The Relationship of Microglial Cells to Dying Neurons During Natural Neuronal Cell Death and Axotomy‐induced Degeneration of the Rat Retina

The Relationship of Microglial Cells to Dying Neurons During Natural Neuronal Cell Death and... The interactions between dying neurons and phagocytotic cells within the developing and injured retina remain controversial. The present work explored the role of microglia and investigated whether so‐called resident microglial cells are permanently responsible for removing cell debris whenever it is produced. As a first goal, I characterized some quantitative and morphometric features of the small ipsilateral retinocollicular projections and analysed the permanent function of phagocytosing microglia with these projections as a paradigm. To achieve this, I combined the fluorescent dyes Dil and 4Di–10ASP, both of which persist in the labelled ganglion cells after injection into the superior colliculus (SC), and retrograde labelling. After neuronal degradation, the dyes accompany the degradation products, become interiorized and then persist within the phagocytosing microglia. Consequently, early labelling of microglial cells can be assessed by injecting one dye into the SC during the first postnatal day of life, that is, prior to advanced natural neuronal cell death. Labelling of the remaining ipsilaterally projecting neurons with the second dye following intraorbital axotomy in adulthood and during subsequent neuronal death would therefore result in double labelling of some microglial cells, if these were involved in phagocytosis during both the natural and the induced phases of neuronal degradation. The ganglion cells which survived natural neuronal cell death remained fluorescent for 3 months after labelling with either dye on the day of the animal's birth, indicating that both fluorescent probes persisted within neurons. Quantitatively, 1770±220 ganglion cells/mm2 were labelled within the contralateral retina and a total population of 1442±120 cells/retina were observed within the periphery of the inferior/temporal quadrant of the ipsilateral retina. A smaller, ipsilateral projection of 150±24 cells/retina was uniformly scattered throughout the rest of the retinal surface. Transient projections of ganglion cells to either the contralateral or the ipsilateral colliculi and death of labelled ganglion cells during the first postnatal days resulted in labelling of 210 ±36 microglial cells/mm2 within the contralateral retina and a total number of 800 ±120 cells/retina within the inferior/temporal and 200 ±22 cells/retina within the rest of the retina. These labelled microglial cells were observed in adulthood and indicated that after taking away the neuronal cell debris they persisted within the retinal tissue. The small number of prelabelled ganglion cells which formed persistent ipsilateral projections until adulthood were axotomized by transecting the optic nerve, and resulted in additional labelling of microglial cells with the second fluorescent dye as well. Double‐labelled microglia were observed within the inferior/temporal quadrant (3500 ±240 cells/retina) and to a lesser extent (340 ±40 cells/retina) scattered over the entire retinal surface. The chronotopological sequence of microglial labelling paralleled that of ganglion cell degeneration. Injection of protease inhibitors into the vitreous body during optic nerve transection retarded retrograde glial cell degeneration, probably by blocking microglial proteases. The results directly proved that the same microglial cells which remove neuronal cell debris in the postnatal retina were reactivated later in life to proteolytically degrade and then phagocytose neurons which had altered because of the axotomy. http://www.deepdyve.com/assets/images/DeepDyve-Logo-lg.png European Journal of Neuroscience Wiley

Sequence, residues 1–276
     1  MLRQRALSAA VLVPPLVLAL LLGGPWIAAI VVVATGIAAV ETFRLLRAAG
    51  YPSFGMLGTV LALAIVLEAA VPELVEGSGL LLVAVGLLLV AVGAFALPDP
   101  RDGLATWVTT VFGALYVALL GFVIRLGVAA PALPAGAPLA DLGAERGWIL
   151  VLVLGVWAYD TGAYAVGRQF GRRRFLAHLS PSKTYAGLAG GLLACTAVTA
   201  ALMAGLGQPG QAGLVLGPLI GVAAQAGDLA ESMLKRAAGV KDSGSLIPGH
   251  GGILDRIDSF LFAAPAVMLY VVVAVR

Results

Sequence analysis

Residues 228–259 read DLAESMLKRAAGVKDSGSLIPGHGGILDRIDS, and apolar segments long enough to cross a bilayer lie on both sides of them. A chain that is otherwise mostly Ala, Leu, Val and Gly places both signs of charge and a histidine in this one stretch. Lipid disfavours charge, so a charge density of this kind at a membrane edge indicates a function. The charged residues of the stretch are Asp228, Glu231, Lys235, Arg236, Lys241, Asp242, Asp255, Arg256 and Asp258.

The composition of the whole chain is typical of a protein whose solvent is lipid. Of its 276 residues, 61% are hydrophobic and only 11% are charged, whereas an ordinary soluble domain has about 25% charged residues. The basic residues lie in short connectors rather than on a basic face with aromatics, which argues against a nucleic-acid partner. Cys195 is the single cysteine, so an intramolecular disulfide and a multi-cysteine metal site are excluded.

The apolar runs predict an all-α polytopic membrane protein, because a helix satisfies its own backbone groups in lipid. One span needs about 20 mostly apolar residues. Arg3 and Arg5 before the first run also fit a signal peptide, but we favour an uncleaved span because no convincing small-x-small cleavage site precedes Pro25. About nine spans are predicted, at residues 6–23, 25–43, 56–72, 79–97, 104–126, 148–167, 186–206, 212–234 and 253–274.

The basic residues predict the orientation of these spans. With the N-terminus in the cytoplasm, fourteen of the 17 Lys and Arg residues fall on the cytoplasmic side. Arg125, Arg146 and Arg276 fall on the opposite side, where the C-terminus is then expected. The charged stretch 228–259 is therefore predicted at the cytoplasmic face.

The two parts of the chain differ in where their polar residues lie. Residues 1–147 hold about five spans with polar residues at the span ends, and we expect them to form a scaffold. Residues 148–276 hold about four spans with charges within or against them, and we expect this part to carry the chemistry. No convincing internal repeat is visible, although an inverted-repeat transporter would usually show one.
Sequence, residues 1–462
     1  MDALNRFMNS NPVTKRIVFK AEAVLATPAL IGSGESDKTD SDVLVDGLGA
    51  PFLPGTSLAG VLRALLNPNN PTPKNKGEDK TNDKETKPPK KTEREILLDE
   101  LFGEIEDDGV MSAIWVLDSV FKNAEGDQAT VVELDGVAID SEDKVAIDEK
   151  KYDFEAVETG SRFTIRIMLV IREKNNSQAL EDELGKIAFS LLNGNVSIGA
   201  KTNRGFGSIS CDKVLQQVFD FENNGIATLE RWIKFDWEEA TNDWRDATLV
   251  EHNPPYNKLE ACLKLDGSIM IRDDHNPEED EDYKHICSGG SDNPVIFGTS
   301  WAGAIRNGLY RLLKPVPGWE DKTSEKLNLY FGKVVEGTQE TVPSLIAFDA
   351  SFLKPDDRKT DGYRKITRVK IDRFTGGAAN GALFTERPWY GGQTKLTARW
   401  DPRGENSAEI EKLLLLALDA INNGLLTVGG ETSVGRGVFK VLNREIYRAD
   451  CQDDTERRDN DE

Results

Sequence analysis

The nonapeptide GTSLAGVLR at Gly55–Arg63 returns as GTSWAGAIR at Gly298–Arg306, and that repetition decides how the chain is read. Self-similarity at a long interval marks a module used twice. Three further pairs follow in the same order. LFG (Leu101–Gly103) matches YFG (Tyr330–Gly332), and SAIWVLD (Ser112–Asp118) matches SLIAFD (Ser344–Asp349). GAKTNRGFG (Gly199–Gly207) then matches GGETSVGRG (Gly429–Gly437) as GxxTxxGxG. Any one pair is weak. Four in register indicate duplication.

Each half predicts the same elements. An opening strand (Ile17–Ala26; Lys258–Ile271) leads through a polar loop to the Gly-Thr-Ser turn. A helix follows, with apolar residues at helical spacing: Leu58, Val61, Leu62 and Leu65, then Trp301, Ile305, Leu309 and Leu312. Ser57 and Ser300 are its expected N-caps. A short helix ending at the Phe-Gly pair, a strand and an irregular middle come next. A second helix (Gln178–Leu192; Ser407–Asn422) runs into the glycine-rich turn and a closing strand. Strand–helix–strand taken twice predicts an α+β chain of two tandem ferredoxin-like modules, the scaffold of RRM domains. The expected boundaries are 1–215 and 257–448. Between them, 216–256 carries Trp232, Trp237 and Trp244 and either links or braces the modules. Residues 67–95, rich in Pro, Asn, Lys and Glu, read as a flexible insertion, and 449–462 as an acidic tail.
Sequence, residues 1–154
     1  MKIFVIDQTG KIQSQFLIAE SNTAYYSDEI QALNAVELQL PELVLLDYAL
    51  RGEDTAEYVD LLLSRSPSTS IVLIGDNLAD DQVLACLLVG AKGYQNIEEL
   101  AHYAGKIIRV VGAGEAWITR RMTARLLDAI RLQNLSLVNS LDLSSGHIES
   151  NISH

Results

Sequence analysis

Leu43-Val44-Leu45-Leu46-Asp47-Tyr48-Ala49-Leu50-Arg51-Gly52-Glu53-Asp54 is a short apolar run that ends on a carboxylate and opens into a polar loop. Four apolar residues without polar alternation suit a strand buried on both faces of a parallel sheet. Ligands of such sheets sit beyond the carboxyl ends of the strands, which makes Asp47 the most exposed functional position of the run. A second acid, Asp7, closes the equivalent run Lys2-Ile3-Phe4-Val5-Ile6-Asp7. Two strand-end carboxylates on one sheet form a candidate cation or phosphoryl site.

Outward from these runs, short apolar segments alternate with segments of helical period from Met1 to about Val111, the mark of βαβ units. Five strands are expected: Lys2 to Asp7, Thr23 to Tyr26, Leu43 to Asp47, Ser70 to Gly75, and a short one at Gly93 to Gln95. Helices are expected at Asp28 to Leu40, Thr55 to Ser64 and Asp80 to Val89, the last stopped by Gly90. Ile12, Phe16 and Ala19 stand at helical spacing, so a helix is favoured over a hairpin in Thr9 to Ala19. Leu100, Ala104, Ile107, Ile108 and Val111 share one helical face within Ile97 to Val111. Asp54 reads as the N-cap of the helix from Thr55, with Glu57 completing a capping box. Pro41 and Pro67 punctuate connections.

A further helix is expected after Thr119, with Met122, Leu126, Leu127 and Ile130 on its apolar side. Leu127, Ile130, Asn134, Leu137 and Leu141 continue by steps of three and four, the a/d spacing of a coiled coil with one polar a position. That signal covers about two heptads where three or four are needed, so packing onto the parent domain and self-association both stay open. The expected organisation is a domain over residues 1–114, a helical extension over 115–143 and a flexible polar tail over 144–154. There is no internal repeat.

The Relationship of Microglial Cells to Dying Neurons During Natural Neuronal Cell Death and Axotomy‐induced Degeneration of the Rat Retina

European Journal of Neuroscience, Volume 3 (12) – Dec 1, 1991

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Publisher
Wiley
Copyright
Copyright © 1991 Wiley Subscription Services, Inc., A Wiley Company
ISSN
0953-816X
eISSN
1460-9568
DOI
10.1111/j.1460-9568.1991.tb00054.x
Publisher site
See Article on Publisher Site

Abstract